4 MIN READ | Mental Health

Professor Nigel MacLennan

The Psychological Benefits of Talking

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Professor Nigel MacLennan, (2022, February 7). The Psychological Benefits of Talking. Psychreg on Mental Health. https://www.psychreg.org/psychological-benefits-talking/
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Each year around 1 in 4 people will experience mental health challenges. Over the course of our lifetimes, nearly all of us have mental health challenges, and, frankly, those who claim they do not, are demonstrating that they do.  That is a bold statement. Let’s substantiate it. Everyone faces adversities, and we can all be knocked off balance by factors outside our control. Restoring balance after a setback is a mental health challenge. 

If we accept that we can be destabilised, we accept that our mental health can be impacted by events. In turn, accepting that our mental health can be adversely affected, it makes sense to have in place techniques and support to ensure maximum mental fitness in anticipation of life’s ups and downs.

Note that phrase: mental fitness. Every athlete develops their physical fitness to improve performance in their chosen field. They also work on their mental fitness for the same reasons. They know that if their mental fitness lets them down, their physical fitness doesn’t matter.  In wider life, the same is true for the rest of the population: our mental fitness is hugely important. It prepares us to help others, add value, seize opportunities, and keep going through adversities. 

In almost every workplace, people develop understanding and learn skills and techniques to enable them to perform what is required to add value. If we do the same in the area of mental fitness we can live happier, more fulfilling lives, and deal better with life’s inevitable adversities. If we become informal mental fitness coaches to those around us, and those around us become mental fitness coaches to us, together, we can maximise our mental well-being.

The techniques and skills that improve mental fitness are becoming increasingly understood. One of the most useful things we can do to create and maintain mental fitness is to talk. Rarely do phrases emerge in a language and become widespread unless they have strong resonance with huge numbers of people.

‘A problem shared is a problem halved,’ emerged and is in common usage because it contains much truth. Just talking about a mental fitness challenge can lead to all sorts of positive outcomes.  For instance, by expressing a mental fitness challenge to someone trusted, we can often find that they too, have or had that experience. They may know of a solution. If no solution to the challenge is possible, they may have figured out how to live with it, or accept it. Or they may know someone for whom any or all of the above are true. 

Quite often when we talk about a mental fitness challenge, we find that the way we are framing it is making it feel worse than it is. A simple reframing can change how we feel. ‘Thank goodness I didn’t get that promotion; I had time to help my kids get into university.’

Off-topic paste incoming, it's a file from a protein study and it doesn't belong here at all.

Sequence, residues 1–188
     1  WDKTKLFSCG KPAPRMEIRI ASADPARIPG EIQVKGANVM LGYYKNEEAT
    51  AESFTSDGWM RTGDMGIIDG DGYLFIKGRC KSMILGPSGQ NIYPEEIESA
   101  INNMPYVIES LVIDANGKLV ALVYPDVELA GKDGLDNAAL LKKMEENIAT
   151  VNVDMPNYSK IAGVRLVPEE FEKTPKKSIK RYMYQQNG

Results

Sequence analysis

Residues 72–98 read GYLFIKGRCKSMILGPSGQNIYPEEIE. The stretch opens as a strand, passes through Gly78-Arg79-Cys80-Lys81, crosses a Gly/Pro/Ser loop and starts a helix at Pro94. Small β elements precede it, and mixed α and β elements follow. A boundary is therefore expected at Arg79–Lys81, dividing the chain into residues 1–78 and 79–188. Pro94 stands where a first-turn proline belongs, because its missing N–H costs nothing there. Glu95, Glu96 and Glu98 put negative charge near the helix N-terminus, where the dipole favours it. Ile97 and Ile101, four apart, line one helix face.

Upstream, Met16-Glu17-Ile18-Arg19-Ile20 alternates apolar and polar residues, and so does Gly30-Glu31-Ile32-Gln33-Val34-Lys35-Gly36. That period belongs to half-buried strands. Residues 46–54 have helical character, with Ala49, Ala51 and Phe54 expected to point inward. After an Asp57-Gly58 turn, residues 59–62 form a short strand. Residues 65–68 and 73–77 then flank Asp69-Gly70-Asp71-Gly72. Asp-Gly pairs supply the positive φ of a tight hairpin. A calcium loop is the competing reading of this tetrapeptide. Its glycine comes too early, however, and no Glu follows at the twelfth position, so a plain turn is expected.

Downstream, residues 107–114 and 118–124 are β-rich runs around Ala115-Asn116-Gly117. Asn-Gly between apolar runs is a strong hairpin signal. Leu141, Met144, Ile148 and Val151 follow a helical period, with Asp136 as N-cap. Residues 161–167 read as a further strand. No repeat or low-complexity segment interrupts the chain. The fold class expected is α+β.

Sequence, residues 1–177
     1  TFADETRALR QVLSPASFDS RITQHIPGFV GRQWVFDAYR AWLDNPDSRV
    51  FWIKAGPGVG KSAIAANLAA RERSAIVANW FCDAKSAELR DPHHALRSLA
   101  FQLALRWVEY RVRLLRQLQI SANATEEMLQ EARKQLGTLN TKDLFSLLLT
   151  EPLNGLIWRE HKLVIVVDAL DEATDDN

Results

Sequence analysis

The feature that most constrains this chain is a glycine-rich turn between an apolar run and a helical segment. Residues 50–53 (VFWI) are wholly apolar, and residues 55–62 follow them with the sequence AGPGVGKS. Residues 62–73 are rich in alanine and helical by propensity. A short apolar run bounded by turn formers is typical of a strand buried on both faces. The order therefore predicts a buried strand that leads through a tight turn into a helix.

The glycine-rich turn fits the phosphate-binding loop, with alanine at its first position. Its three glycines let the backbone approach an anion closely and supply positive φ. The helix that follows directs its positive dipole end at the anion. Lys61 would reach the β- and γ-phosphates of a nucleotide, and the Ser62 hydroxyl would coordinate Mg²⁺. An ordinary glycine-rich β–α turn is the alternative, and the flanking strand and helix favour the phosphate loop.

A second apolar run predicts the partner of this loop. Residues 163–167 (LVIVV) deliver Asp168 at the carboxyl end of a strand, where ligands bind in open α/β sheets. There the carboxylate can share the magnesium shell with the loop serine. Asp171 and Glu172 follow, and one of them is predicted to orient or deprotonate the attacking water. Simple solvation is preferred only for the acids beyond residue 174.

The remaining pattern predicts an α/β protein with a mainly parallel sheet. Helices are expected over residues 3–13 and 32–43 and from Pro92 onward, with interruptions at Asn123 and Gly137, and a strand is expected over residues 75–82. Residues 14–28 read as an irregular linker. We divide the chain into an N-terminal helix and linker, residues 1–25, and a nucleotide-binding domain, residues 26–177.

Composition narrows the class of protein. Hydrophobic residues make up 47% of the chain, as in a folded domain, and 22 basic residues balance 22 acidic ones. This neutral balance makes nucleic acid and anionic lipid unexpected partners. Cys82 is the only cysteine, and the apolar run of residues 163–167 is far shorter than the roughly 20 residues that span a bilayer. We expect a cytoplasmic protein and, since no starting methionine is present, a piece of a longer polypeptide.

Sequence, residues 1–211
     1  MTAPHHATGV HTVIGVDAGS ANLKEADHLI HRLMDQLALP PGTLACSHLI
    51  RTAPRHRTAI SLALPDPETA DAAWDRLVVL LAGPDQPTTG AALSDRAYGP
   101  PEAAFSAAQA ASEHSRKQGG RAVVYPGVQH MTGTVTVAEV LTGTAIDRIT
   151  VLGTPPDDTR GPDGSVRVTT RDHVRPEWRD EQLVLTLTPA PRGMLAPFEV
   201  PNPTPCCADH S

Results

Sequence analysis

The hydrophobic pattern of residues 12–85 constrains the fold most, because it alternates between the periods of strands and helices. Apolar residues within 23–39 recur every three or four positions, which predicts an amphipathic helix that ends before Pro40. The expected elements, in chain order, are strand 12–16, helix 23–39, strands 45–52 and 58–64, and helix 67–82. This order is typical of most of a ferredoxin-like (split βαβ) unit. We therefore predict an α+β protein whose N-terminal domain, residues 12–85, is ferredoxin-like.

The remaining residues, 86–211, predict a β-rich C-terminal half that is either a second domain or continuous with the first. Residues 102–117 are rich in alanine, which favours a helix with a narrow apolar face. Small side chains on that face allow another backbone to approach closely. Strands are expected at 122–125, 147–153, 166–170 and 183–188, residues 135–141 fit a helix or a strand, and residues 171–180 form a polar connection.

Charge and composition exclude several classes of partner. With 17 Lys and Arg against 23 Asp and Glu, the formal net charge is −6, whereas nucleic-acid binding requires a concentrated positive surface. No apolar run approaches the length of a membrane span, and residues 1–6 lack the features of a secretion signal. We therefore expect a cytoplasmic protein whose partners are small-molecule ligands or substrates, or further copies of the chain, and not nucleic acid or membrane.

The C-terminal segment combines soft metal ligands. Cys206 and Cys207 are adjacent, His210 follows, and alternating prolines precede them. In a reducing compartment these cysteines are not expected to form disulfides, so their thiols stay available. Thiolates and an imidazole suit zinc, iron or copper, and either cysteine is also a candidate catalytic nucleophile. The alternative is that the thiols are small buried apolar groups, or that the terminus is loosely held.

When is it time to talk? Anytime we are feeling negatively impacted by events or circumstances, or having negative thoughts or emotions, or we are behaving in ways that we know are not what we would want. Anytime we sense that our mental fitness is not what it could be.

Time to talk means finding someone who can listen. How can we make sure that there is always someone available to listen, when it is time to talk? By being the person who listens to others, others are more likely be the people who listen to us. By developing that aspect of our friendships. Real friends want the best for the people they care about, they listen to each other, they empathise, they help each other solve problems, they take time to talk. 

When we take time to talk, we find that for most mental fitness challenges there are similar ways forward: we eventually find a way to solve the problem, change our perceptions about it, or they way we interpret it. Talking helps us to unblock and harness our own resources, or plan how to acquire the necessary resources. Talking about mental fitness helps us strengthen our mental fitness.

We all face mental health challenges, and facing them together, benefits everyone. If we move to the next level of mental fitness, we can be ready to face mental health challenges when they come along. Even better, with well-developed mental fitness, something that would otherwise been a challenge, we deal with it comfortably. 

Giving someone the opportunity to talk about their mental health challenges could be the best thing you can do for them, and when the roles are reversed, it could be the best thing for you. We tend to become what we think and talk about. If we think and talk about mental fitness, we move towards it. People who have the highest levels of mental fitness, as with those who have the greatest physical fitness, have deliberately developed that fitness. 

Some with great mental fitness have developed it in the furnace of adversity, others in the line of fire. Armed forces across the globe have made the move towards preparing their staff to stay mentally fit in the face of events that would otherwise presented serious mental health challenges. That does not mean that staff are not destabilised by events, it means they are less negatively impacted than they would otherwise have been.

Mental fitness does not make us immune from mental health challenges; it equips us better to deal with them. If someone wants to run a marathon, they train for it, build towards it, acquire new skills and techniques. 

Of all the ways that help us develop mental fitness, taking time to talk is among the most effective ways to start.


Professor Nigel MacLennan runs the performance coaching practice PsyPerform.

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